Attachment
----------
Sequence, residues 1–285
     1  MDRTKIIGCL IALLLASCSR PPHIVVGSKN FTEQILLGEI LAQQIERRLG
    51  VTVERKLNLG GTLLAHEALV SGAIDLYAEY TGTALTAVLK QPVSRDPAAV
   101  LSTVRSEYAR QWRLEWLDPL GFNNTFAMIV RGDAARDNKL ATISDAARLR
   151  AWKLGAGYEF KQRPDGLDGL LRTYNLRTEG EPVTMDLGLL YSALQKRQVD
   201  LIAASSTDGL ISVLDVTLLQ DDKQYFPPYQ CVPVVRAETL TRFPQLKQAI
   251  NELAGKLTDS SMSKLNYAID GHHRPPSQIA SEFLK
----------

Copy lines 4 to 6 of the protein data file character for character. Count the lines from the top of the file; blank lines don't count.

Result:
   101  LSTVRSEYAR QWRLEWLDPL GFNNTFAMIV RGDAARDNKL ATISDAARLR
   151  AWKLGAGYEF KQRPDGLDGL LRTYNLRTEG EPVTMDLGLL YSALQKRQVD
   201  LIAASSTDGL ISVLDVTLLQ DDKQYFPPYQ CVPVVRAETL TRFPQLKQAI